An Important Lesson from Your Best Human Friend

Hopefully there is a human being in your life that you consider to be your “best friend.” I’m talking about someone that you would prefer to spend time with more than anyone else. Someone you feel totally comfortable with.

If you need conversation, this person is the first person who comes to your mind.

If you are going on a trip, this is the person you want to have sitting beside you in the car (or on the plane).

If you are having to make a decision, this is the person whose ear you want to have nearby to listen as you struggle through the pros and cons… perhaps offering helpful suggestions here and there to help you think more clearly.

If you are going to be stuck at home on a cold and rainy day, this is the person you would want most to be there with you.

If you wind up in the hospital, this is the person you would want at your bedside.

I have a human best friend. Hands down. No hesitation. No equivocation. No need to think twice. My best friend is my wife, Vickie. All that stuff I just wrote? I’m describing Vickie for me.

In one of my CDs (The one called “Spiritual Growth.” If you email me I’ll be glad to send you one.), I try to communicate that every Christian needs two human beings in their lives to help them grow spiritually. If you don’t have these two people, pray for God to send them into your life!

One of them is a mentor. This is a person who may be older than we are, but who has certainly been in the Christian race longer that we have, who has taken his/her walk with Christ very seriously, and who has developed some wisdom.

The second is a close friend whose convictions are similar to our own–someone who can encourage us (and whom we can encourage) to be faithful to our Lord.

We all need best friends.

Of course, for a Christian, our best human friend must always be someone who pulls us closer to our Lord Jesus Christ!

The Bible has something to say about friends.

“A friend loves at all times, And a brother is born for adversity.” (Pr 17:17)

“A man of too many friends comes to ruin, But there is a friend who sticks closer than a brother.” (Pr 18:24)

“Faithful are the wounds of a friend, But deceitful are the kisses of an enemy.” (Pr 27:6)

There are some classic illustrations of friendships to be found in Scripture. One’s mind goes quickly to David and Jonathan (1 Samuel 18-20; 2 Samuel 9); or perhaps Ruth and Naomi (Ruth 1); Peter and John; Paul and Barnabas; etc.

And, of course,  the Bible speaks of the agony of betrayed friendship.

“Even my close friend in whom I trusted, Who ate my bread, Has lifted up his heel against me.” (Ps 41:9)

But the concept of best friend really gets interesting when we begin to understand that God Himself wants to be our very best friend!

“”No longer do I call you slaves, for the slave does not know what his master is doing; but I have called you friends, for all things that I have heard from My Father I have made known to you.” (Joh 15:15)

We used to teach small children a song that said, “My best Friend is Jesus! Jesus! Jesus! My best Friend is Jesus! I love Him!” Of course, to their little minds those may have been  just words that sounded very sweet. Perhaps we were not able  to really explain to them what it means for God to be “our best friend.”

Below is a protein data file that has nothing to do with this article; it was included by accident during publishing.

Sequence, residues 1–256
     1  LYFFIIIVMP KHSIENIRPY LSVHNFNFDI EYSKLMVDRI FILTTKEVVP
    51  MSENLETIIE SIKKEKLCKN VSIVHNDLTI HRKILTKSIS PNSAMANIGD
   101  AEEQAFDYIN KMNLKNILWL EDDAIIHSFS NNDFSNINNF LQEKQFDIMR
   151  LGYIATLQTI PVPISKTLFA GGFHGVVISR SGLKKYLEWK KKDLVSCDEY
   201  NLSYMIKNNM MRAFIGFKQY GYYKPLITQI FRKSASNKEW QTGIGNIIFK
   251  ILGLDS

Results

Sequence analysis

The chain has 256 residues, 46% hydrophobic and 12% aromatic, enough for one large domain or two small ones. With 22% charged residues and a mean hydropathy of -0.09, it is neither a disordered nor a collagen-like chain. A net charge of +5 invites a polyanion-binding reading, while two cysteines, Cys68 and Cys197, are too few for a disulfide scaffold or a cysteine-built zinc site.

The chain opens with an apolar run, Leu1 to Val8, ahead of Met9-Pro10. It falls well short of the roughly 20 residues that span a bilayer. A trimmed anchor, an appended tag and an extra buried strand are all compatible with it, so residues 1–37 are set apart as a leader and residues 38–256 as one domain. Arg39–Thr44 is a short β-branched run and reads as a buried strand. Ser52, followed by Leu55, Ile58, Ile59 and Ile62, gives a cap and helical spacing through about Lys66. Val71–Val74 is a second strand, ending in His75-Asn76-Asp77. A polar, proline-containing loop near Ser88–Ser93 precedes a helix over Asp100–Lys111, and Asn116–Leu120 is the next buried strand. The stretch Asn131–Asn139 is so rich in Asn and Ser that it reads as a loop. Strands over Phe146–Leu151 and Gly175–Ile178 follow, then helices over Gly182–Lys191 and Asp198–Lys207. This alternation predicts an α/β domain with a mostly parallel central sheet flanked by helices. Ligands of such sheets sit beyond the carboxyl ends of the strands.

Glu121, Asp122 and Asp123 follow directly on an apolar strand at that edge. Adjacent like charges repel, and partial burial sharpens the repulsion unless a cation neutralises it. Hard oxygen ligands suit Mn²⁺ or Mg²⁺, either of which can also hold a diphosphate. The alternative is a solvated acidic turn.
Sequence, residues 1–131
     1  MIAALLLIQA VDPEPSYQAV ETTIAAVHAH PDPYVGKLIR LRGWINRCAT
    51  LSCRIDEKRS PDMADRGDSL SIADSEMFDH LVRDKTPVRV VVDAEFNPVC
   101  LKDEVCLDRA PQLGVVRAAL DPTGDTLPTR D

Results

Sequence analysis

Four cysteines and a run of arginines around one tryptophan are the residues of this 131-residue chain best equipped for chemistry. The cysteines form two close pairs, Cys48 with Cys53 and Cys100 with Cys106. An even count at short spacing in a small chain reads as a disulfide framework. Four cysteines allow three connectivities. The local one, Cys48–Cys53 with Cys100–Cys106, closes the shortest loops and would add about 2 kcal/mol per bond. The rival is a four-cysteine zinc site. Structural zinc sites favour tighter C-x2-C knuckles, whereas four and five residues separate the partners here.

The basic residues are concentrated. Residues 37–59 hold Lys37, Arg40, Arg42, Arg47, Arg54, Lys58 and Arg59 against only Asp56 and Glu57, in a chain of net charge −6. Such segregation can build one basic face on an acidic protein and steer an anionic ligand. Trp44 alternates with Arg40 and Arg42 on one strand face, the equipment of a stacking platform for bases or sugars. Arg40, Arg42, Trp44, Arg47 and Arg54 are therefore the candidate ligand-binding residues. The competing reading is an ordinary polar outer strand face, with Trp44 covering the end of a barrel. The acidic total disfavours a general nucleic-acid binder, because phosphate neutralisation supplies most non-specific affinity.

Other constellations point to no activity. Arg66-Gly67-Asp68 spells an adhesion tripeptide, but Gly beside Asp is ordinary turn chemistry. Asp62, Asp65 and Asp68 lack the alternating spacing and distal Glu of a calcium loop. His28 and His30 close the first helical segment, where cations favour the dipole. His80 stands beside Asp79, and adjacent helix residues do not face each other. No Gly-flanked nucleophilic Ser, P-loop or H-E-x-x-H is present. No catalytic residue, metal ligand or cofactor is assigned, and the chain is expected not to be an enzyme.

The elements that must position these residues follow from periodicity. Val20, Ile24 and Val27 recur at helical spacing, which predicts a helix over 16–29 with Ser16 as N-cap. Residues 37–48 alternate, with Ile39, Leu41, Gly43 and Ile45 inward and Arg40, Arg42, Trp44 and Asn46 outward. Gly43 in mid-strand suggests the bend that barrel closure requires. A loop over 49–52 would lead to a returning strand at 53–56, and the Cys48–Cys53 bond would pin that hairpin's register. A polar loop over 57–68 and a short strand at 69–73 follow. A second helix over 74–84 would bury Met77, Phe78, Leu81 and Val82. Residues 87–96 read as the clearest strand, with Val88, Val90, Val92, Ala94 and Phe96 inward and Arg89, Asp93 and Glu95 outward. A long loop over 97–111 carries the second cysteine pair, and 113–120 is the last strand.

At Sevier Heights Baptist Church we often sing a similar song, “I am a friend of God! I am a friend of God! I am a friend of God! He calls me friend!”  Do we really comprehend what we are singing?

Here’s the deal. God gives us human friends (just as He gives us marriage and families) to represent the kind of relationship He desires to have with us.

Often we never really make that connection. So our attitude becomes, “I love spending time with my friend. I love just being in his/her presence for hour after hour. I love having him/her near and just enjoying his/her presence.” If someone asks, “Do you consider God to be your friend?” We would quickly say, “Oh, yeah, sure!” We may even add the obligatory words, “He’s my best friend of all! He’s the One Who died for me!”

But when we examine ourselves very closely, do we really treat Him as we would treat someone who really is our best friend? Do we really crave just spending time with Him? Do we love spending time with Him in His Word? Is He the one we really want to talk with when we have to make decisions? When something comes up–some news or a crisis–do we desperately hunger to get alone with Him to talk it over, as we would our human friend?

God really is our very best friend. The question I must ask myself is, do I really treat Him like my best friend?

If I did for someone only a tiny, tiny fraction of what God has done for me, I would probably feel pretty hurt if they never seemed to have much time for me.

Maybe now would be a good time to find a place to be alone with God for awhile just to talk with Him about all this. Maybe it would help to thank Him for the many many wonderful things He has given you and done for you. And it might be good just to ask Him to help you learn how to treat Him like what He is… your best friend.

Stay in the battle!

Steve Hall

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